November 4, 1943

The Nazi newspaper, Der Stürmer, published by Julius Streicher, reported,

It is actually true that the Jews have, so to speak, disappeared from Europe and that the Jewish ‘Reservoir of the East’ from which the Jewish pestilence has for centuries beset the peoples of Europe has ceased to exist. But the Führer of the German people at the beginning of the war prophesied what has now come to pass.

The U.S. began to manufacture plutonium at a reactor facility in Oak Ridge, Tennessee.

November 6, 1943

Soviet troops recaptured Kiev in the Ukraine.

November 11, 1943

Auschwitz Kommandant Rudolf Höss was promoted to chief inspector of concentration camps. The new Kommandant, Arthur Liebehenschel, divided up the Auschwitz complex of over 30 sub-camps into three main sections.

November 15, 1943

Nazi SS Chief Heinrich Himmler ordered all Roma people (often referred to as Gypsies) in Germany to be deported to concentration or death camps.

November 18/19, 1943

The first British Bomber Command air raid in the Battle of Berlin was carried out overnight. The RAF attacked Berlin with 440 Avro Lancaster heavy bombers and four de Havilland Mosquitos. Due to heavy cloud cover the damage was not severe.

November 20, 1943

U.S. troops invaded Makin and Tarawa in the Gilbert Islands.

November 22 – 26, 1943

American President Roosevelt, British Prime Minister Churchill, and Chinese leader Chiang Kai-shek met in Eqypt for the Cairo Conference to discuss strategy for the Burma front. They outlined the Allied position against Japan and announced that all areas seized by Japan since 1894 would be returned to the former owners.

November 23, 1943

Japanese resistance ended on Makin and Tarawa.

November 28 – December 1, 1943

The Big Three – U.S. President Franklin D. Roosevelt, British Prime Minister Winston Churchill, and Soviet Union leader Josef Stalin – met at the Tehran Conference in Tehran, Iran.  Topics during the four-day conference included:

  • Confirmation of the decision for the U.S. and Britain to invade Western Europe (a “Second Front”) in the Spring of 1944
  • Plans for the invasion of Southern France
  • A promise by Stalin to join in the war against Japan when Germany was defeated

December 2, 1943

The first transport of Jews from Vienna arrived at Auschwitz.

December 12, 1943

Adolf Hitler sent Nazi General Erwin Rommel (the “Desert Fox”) to mobilize forces along the French coast at Normandy to defend against the anticipated Allied invasion.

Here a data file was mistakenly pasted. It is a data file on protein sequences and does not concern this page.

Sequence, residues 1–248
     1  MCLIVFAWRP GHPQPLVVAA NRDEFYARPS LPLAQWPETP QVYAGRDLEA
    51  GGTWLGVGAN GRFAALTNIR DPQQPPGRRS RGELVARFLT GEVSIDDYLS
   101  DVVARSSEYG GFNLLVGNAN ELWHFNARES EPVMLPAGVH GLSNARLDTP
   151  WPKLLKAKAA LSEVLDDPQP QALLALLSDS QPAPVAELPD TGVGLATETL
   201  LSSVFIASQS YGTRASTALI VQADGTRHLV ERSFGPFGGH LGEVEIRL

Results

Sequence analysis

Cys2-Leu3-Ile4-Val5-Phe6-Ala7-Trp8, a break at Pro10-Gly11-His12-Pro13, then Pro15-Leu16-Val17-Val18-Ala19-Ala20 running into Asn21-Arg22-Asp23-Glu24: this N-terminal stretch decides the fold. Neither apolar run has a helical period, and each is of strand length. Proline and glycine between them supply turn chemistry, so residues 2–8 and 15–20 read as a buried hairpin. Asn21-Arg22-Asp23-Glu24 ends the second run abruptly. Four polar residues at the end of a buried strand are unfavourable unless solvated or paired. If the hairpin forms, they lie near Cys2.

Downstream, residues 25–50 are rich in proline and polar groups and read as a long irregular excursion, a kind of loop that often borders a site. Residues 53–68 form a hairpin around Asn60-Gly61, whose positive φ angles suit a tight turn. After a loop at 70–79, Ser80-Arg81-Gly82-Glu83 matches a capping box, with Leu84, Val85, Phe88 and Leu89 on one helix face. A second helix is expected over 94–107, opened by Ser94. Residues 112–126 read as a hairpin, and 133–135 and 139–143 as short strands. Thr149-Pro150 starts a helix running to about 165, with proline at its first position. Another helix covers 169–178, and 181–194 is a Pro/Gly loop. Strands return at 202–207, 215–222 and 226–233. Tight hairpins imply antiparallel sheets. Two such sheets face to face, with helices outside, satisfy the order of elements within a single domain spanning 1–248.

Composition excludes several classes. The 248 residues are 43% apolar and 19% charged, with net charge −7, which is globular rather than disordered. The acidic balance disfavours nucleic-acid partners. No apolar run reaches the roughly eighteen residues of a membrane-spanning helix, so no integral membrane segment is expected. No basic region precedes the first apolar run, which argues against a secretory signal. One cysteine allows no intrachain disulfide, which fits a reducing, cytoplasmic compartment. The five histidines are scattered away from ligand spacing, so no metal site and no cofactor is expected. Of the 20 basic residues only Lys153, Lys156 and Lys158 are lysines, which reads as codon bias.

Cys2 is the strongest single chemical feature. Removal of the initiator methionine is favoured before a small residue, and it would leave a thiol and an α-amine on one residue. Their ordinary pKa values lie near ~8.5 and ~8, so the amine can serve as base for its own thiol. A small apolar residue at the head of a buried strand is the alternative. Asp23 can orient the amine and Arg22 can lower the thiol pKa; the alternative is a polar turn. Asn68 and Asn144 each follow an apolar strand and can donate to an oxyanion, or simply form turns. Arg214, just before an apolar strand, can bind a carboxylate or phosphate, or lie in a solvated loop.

December 15, 1943

American troops landed on the Arawe Peninsula of New Britain in the Solomon Islands.

December 16, 1943

The chief surgeon at Auschwitz reported the completion of 106 castration operations.

December 17, 1943

President Roosevelt signed the Magnuson Act in gratitude for Chinese assistance in the Pacific Theater. The Magnuson Act repealed the 1882 Chinese Exclusion Act and allowed for limited Chinese immigration to the United States.

December 24, 1943

Allied commanders of the “Second Front” were announced: American General Dwight D. Eisenhower as Supreme Commander of the Allied Expeditionary Force and British General Sir Bernard Montgomery as the Commander-in-Chief of the 21st Army Group.

December 24-26, 1943

The Soviets launched offensives on the Ukrainian front.

December 26, 1943

1st Division Marines invaded Cape Gloucester in a full Allied assault on New Britain in the Solomon Islands.

Sources:

This series of posts is based on a compilation of timelines from:

The Holocaust Encyclopedia

The History Place:

The National WWII Museum Interactive Timeline

United States Holocaust Memorial Museum

World War II Chronicle by the Editors of Publications International, Ltd.

Heinrich Himmler’s Speech at Posen

384th Bomb Group: Second Schweinfurt Raid/Black Thursday

Wikipedia: Magnuson Act

Most recent post from the series:

Summer 1943

© Cindy Farrar Bryan and The Arrowhead Club, 2020

WWII Timeline – Summer 1943

I’m continuing my WWII Timeline series with a look at July – September 1943 in this post.

A Timeline of WWII, Summer 1943

July 5, 1943

The Germans launched a massive tank offensive called “Operation Citadel” near Kursk in the Soviet Union. It was the largest tank battle in history. The operation ended with a Soviet victory.

A U.S. B-17 bomber crew accidentally bombed Boise City, Oklahoma when the pilots performing target practice mistook the lights on the town square for their training target. Only practice bombs were used and the square was empty at the time (12:30 a.m). There were no fatalities.